But it was a poor blind boy named Johnny (Billy Ray) who changed the course of her life that day. He made her focus her efforts to helping the misfortunate and start a school for unfortunate blind children. The schools success attracted the attention of a pianist named Frank Audry, who was in fact nearly blind himself.
Frank suggested to Lydia that he could teach music at the school and was hired immediately. Soon, he fell in love with her but she still insisted on not marrying to not become dependent on a man, and continue her work.
It was not until she met Richard once again at a ball that she changed her mind about sharing her life with a man. Lydia told her grandmother that she had business in Boston, and went to see Richard in secret. They went to her hometown by the coast and spent two wonderful weeks together.
After that, Richard departed and left Lydia a note, explaining that he had to settle something before he could come back to marry her. Lydia begins to wait for his return. She has nearly given up when she receives a ring, sent by mail, and a note where he asks her to meet him at the altar in a Boston church on that same New Year's Eve.
Expectantly, Lydia goes to the church and waits until she realizes he is not coming. She returns to her home and spends months in disappointment. She never tells anyone about what happened. In the meantime, Frank quits his teaching job at the school and leaves. Michael asks Lydia to marry him, despite knowing that she most certainly doesn't love him. Lydia accepts, in need of stability in her life.
Unfortunately their union is tainted by the fact that the grandmother dies when toasting for their well-being, and lydia breaks off the engagement. She travels to her own hometown to get over her live for him but doesn't succeed. She decides to devote her life to helping the blind children and give up hope of love and marriage.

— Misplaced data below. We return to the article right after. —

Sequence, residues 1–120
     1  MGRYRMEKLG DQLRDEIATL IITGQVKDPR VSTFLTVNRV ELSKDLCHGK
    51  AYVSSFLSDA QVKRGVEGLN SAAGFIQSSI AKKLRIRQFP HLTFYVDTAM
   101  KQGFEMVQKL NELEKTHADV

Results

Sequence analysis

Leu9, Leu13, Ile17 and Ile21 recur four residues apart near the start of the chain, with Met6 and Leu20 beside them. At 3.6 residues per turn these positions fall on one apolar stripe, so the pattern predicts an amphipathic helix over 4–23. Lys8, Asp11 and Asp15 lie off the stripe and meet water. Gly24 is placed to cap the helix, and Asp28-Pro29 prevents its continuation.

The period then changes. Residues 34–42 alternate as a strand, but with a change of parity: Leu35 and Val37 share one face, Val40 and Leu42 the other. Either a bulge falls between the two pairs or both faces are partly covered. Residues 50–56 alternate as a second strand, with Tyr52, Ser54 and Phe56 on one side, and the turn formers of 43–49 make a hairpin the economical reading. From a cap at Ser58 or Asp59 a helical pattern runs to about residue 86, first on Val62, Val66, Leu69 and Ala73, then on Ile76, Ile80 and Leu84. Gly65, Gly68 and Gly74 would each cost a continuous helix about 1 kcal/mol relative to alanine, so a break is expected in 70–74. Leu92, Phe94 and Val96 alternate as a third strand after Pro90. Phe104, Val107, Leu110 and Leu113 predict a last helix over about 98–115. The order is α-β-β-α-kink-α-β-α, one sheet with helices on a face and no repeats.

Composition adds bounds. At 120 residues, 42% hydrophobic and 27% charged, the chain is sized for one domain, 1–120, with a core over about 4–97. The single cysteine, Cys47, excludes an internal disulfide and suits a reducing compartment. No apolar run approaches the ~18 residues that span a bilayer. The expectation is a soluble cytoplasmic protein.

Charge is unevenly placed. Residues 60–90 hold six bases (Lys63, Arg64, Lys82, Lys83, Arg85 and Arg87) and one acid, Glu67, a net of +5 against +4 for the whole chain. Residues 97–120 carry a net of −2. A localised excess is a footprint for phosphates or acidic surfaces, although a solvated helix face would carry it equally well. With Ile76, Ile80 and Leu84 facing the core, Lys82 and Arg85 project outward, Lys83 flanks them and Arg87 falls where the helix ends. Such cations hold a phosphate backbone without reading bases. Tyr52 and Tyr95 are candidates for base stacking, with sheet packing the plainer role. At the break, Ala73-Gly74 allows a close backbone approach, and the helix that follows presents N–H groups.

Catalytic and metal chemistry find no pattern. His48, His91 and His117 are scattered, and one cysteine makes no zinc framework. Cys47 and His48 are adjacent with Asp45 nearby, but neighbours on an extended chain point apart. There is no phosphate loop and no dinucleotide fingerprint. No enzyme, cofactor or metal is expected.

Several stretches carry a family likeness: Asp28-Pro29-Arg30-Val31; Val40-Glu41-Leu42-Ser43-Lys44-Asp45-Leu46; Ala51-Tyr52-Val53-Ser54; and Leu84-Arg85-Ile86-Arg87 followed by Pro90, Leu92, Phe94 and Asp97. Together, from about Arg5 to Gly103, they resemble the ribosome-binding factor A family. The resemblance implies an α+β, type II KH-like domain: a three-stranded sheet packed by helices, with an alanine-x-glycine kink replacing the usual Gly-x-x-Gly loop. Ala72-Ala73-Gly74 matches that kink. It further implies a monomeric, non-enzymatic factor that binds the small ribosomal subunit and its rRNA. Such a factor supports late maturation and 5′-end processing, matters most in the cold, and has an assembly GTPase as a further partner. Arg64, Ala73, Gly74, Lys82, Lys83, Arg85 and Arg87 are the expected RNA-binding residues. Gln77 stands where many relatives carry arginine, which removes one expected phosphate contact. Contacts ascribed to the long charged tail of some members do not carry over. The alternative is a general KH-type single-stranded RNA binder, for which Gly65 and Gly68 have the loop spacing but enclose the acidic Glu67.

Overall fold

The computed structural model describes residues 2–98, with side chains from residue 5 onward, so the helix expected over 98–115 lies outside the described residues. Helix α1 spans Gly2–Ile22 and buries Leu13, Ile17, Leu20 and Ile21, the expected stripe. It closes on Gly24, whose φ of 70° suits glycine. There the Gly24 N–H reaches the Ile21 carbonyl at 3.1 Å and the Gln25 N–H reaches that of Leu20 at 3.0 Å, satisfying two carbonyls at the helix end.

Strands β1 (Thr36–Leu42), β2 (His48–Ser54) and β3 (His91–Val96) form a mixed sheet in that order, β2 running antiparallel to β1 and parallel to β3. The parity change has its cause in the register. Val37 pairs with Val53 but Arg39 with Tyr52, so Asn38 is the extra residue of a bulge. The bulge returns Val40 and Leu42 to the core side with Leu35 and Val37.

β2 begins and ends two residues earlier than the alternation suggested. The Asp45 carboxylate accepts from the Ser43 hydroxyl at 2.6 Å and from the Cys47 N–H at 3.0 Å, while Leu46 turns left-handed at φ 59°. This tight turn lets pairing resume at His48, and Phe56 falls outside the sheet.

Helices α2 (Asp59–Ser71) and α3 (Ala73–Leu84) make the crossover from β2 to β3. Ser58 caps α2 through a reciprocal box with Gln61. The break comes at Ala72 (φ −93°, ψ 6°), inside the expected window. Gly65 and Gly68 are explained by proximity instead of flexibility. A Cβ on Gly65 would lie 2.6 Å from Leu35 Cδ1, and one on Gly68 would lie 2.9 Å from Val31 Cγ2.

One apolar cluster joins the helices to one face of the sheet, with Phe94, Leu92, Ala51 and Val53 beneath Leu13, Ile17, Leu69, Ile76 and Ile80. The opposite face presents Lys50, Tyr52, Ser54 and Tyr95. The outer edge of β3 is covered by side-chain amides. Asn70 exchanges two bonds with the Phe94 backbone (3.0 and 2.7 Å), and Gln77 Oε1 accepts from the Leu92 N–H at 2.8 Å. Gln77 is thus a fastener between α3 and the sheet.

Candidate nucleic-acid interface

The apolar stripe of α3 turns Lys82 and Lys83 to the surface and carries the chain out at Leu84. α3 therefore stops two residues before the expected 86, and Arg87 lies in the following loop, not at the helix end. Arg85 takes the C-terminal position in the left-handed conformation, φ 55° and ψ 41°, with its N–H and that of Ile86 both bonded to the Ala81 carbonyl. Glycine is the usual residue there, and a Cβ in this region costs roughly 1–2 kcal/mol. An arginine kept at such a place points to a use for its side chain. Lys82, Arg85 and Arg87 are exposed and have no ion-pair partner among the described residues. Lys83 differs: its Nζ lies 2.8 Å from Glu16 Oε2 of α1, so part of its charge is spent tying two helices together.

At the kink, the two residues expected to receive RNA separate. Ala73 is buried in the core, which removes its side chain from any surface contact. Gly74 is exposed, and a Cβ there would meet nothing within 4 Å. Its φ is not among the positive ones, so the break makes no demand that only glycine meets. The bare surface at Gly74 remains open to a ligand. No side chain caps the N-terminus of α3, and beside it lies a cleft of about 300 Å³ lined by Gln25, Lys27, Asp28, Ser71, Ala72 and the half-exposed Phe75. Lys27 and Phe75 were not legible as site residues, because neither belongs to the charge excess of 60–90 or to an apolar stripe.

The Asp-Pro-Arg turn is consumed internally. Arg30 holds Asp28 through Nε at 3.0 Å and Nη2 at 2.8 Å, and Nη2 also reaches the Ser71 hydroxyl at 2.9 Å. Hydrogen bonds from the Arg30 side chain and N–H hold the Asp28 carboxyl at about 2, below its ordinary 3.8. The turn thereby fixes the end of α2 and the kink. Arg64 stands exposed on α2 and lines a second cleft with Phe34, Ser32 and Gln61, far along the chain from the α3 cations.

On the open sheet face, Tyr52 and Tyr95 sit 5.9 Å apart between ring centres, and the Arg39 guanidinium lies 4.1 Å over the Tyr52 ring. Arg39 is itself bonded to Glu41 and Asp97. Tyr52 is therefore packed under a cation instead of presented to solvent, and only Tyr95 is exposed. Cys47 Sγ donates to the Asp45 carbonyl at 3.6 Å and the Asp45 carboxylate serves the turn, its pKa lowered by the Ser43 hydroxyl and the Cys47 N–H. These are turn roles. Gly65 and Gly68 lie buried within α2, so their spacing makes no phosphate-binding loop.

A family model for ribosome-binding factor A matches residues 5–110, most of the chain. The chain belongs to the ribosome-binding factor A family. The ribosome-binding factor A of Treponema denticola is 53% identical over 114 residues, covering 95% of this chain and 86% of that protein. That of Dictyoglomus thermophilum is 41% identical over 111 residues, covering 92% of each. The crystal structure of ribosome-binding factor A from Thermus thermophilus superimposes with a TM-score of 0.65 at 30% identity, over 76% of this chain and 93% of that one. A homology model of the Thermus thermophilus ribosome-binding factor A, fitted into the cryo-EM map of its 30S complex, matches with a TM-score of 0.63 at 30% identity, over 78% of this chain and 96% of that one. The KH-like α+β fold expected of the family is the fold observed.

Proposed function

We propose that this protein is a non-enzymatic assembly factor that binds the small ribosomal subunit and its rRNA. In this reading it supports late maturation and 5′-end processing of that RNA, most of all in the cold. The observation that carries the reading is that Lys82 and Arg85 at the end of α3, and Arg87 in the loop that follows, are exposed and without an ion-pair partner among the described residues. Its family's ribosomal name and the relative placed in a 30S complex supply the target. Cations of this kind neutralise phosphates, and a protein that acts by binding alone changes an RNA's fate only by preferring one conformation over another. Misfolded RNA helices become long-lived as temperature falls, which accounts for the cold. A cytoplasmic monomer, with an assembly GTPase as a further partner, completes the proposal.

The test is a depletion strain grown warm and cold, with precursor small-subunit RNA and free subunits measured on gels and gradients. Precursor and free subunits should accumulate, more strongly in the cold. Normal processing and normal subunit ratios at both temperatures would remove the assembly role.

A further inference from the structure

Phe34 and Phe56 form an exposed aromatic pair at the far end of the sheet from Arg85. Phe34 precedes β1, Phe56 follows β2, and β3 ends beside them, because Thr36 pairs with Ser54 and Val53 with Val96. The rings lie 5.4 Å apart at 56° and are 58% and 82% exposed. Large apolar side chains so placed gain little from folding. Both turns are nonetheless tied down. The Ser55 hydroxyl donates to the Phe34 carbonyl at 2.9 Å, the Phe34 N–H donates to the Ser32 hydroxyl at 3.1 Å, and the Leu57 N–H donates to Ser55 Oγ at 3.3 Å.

Just as the elderly Lydia finishes her story, a butler calls out that Captain Richard Mason has arrive to the building. To Lydia's disappointment, he doesn't recognize nor remember her at all. Bitterly Lydia utters that none of the men in her life never knew her properly. Michael asks her who the real Lydia was, and she replies that there was never only one true Lydia; she was a different person to everyone who met her. 
- Merle Oberon as Lydia MacMillan
- Edna May Oliver as Sarah MacMillan
- Alan Marshal as Richard Mason
- Joseph Cotten as Michael Fitzpatrick
- Hans Jaray as Frank Andry
- George Reeves as Bob Willard
- John Halliday as Fitzpatrick
- Sara Allgood as Mary
- Billy Ray as Johnny
- Frank Conlan as Old Ned
- Tyler Brooke as Vaudeville Singer (uncredited)
- Harry Cording as Hotel House Detective (uncredited)
- Hal K. Dawson as Hotel Desk Clerk (uncredited)
- Jesse Graves as Servant (uncredited)
- Payne B. Johnson as Boy (uncredited)
- Eva Lee Kuney as Little Blind Girl (uncredited)
- Betta St. John as Orphan (uncredited)
- Edwin Stanley as Man on Podium (uncredited)
- Pierre Watkin as Speaker (uncredited)
- Lydia at the Internet Movie Database
- Lydia at the TCM Movie Database
- Lydia at allmovie
- Lydia at the American Film Institute Catalog
|This 1940s drama film-related article is a stub. You can help Wikipedia by expanding it.|